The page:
Annette bought the house at 17 Edgecombe Avenue, Junction Hill, in 1992 and, having a keen eye for potential, realised the property would eventually make a very comfortable home. A modest attempt at making a garden was started by son Scott in 1993 and in 1994 it took several first prizes in the Jacaranda Festival Garden Competition.

Removing the old poor soil.

The house was then rented for a period of roughly 10 years before Annette and Scott moved into the home and commenced the task of renovation and garden creation. The house had been treated poorly but the ‘bones’ were good and a massive renovation turned the house into a very new and liveable home in a great position.

Work in progress, February 2009.

After 18 months of downsizing and culling inside, our efforts were directed at the garden – where we both felt most at home. Initial goals were to tidy the yard and remove most existing plants. Machinery was brought in to remove old, hard, clay soil to allow new soil to be brought in and planted in. While it’s understood that clay soil can be improved with lots of work, Annette felt that given her senior years, she didn’t necessarily have time to wait 5 or more years for that process to unfold! In addition, our experience in improving clay soil has not been good, and depended on us constantly working the soil, something that was almost impossible for us to achieve.

The state of the back garden October 2008.

Before new soil was placed, we added organic, aged cow manure, gypsum (to assist the breaking down of the clay), shredded paper, and mushroom compost. The soil was then placed on top of this and was ready to plant.

It should be mentioned at this point, that there was never any intention of opening the garden for viewing at any time in the future. That was a rather spontaneous happening in 2013.

Building the waterfall and pond.

Irrigation was installed through the entire garden via 19 stations. The gardens were then ready for planting and the fun of buying could begin. Many hours have been spent trawling nurseries and websites in search of different and interesting plants for the garden. It became a way of life.

The garden was designed to focus more on tropical garden plants for their tremendous foliage colour, patterns and texture. So, the garden has a somewhat tropical style to it in most parts.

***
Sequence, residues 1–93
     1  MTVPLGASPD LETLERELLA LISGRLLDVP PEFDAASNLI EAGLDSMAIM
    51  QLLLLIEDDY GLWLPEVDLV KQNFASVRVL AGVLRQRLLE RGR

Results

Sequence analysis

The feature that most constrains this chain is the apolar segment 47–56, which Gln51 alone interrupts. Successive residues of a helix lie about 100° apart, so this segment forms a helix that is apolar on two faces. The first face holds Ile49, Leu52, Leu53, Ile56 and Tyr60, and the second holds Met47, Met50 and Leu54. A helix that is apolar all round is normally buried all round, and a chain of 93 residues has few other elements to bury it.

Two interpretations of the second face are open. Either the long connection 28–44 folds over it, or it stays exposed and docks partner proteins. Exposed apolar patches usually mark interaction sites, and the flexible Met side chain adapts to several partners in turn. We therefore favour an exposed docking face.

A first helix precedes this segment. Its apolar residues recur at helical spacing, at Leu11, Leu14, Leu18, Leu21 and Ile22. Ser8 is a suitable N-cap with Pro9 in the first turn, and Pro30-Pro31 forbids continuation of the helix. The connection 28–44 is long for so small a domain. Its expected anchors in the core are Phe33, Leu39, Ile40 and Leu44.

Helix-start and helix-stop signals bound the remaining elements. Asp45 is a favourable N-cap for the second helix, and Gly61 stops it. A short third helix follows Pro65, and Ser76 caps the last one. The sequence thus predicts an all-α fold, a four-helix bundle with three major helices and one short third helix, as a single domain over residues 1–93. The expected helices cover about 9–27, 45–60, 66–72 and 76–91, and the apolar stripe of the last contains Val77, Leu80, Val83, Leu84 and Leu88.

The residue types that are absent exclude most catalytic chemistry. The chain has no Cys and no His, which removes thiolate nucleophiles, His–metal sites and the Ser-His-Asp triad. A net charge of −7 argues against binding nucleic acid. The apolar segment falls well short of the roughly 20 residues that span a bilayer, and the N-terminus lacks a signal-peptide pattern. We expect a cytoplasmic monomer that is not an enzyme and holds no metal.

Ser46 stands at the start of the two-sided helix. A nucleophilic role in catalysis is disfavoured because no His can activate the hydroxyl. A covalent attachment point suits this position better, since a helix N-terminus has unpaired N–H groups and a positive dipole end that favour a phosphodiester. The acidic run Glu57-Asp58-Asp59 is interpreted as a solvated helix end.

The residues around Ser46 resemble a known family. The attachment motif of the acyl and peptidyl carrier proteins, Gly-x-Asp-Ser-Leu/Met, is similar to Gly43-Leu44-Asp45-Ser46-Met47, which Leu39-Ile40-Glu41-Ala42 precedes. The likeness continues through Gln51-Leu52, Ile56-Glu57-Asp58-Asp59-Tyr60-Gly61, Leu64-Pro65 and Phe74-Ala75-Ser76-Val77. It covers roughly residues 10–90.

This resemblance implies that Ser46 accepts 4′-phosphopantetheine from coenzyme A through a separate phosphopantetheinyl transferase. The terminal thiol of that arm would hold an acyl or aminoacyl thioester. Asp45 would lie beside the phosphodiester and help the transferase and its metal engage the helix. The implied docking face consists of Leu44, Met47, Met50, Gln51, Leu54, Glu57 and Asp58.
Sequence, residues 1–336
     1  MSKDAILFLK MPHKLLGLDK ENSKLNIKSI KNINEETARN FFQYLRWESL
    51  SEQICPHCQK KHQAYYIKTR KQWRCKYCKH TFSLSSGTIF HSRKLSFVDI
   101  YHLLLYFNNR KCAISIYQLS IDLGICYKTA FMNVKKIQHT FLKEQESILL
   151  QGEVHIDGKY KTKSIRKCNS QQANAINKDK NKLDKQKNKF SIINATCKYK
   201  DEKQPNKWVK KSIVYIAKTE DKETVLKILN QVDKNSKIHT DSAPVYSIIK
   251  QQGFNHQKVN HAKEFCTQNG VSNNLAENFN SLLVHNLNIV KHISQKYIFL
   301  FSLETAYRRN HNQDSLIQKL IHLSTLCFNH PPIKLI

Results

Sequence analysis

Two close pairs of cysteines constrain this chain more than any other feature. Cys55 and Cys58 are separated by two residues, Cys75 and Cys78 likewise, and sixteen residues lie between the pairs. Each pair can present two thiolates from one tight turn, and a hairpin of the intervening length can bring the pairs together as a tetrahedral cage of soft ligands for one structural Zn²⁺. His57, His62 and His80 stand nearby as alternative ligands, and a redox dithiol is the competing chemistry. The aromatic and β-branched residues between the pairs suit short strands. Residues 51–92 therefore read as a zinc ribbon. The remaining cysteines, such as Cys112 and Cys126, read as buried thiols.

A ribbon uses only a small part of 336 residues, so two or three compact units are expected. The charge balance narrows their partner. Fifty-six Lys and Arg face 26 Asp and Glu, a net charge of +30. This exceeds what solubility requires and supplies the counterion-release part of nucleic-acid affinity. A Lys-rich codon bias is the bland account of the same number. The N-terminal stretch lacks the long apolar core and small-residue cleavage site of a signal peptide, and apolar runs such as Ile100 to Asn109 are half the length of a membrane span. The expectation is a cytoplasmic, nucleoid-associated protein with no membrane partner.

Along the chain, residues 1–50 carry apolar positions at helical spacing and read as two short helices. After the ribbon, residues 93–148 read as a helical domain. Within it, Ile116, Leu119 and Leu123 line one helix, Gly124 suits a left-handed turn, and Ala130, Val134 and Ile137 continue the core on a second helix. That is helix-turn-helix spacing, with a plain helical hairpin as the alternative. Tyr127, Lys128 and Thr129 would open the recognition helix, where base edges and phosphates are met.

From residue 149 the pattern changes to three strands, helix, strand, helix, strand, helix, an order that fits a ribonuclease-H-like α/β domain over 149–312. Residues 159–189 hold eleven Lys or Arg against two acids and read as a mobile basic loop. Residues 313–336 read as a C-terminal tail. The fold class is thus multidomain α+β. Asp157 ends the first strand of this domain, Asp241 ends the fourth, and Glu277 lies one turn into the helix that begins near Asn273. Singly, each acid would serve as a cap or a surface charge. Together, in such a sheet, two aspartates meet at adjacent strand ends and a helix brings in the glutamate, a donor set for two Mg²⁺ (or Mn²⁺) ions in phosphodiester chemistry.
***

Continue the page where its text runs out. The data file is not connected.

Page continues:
The formal garden was created and original intentions were for it to be lined with box hedge, but even though we brought new soil in, the topography of the underlying clay soil, combined with a natural spring, meant that during very wet weather the ground below does not drain well and plants who do not like ‘wet feet’ end up dying. This has been the case for the roses also. So, the garden is now designated for annuals only.

Making progress October 2011.

The fern house is in fact a steel shed minus the sides. The roof is alsynite to allow for controlled watering. The plants in here have a very specific fertiliser regime. This was Annette’s favourite part of the garden.

There are 9 water features in the garden which help to bring the garden to life aurally. Fish were once in some of them but birds made short work of all of them and we decided to give up on the fish idea.

Some of the more interesting plants in the garden are Purple Datura, Green Rose, Black Bat Plant, Persian Shield, Pineapple Lily, Beehive Gingers, to name a few.

Remember that anyone can grow plants, it’s what you do with them that makes the difference. The ‘layered’ effect of the front garden and very back garden was planned to be that way and has taken some years to achieve this effect. The peak of this effect can be seen in June when the Poinsettia’s are flowering. Unfortunately, these become quite straggly after flowering and must be pruned heavily to make way for new foliage, which doesn’t arrive until Summer. However, we keep them for the display they give in the otherwise drab Winter months.

The old formal garden..

Gladioli become a focal point of the garden during the Jacaranda Festival with a riot of colour. Quality corms are purchased every year to ensure good flowering. The range of colours is divine and the flowers spectacular. In 2013 the Gladioli flowers were up to 1 metre in length! Stunning. The corm plantings are staggered over about 3 weeks to ensure that there will definitely be some out for the Festival. Timing can be difficult because of the unpredictable weather.

While both Mum and I are experienced gardeners, we have still learned a great deal of things creating this garden. Some of what we thought we knew went out the window when faced with the challenges of building a garden on clay soil.

We hope you appreciate the many hours we have put into making Annette's Garden the splendid place that it is today, considering the difficult soil we have had to start with.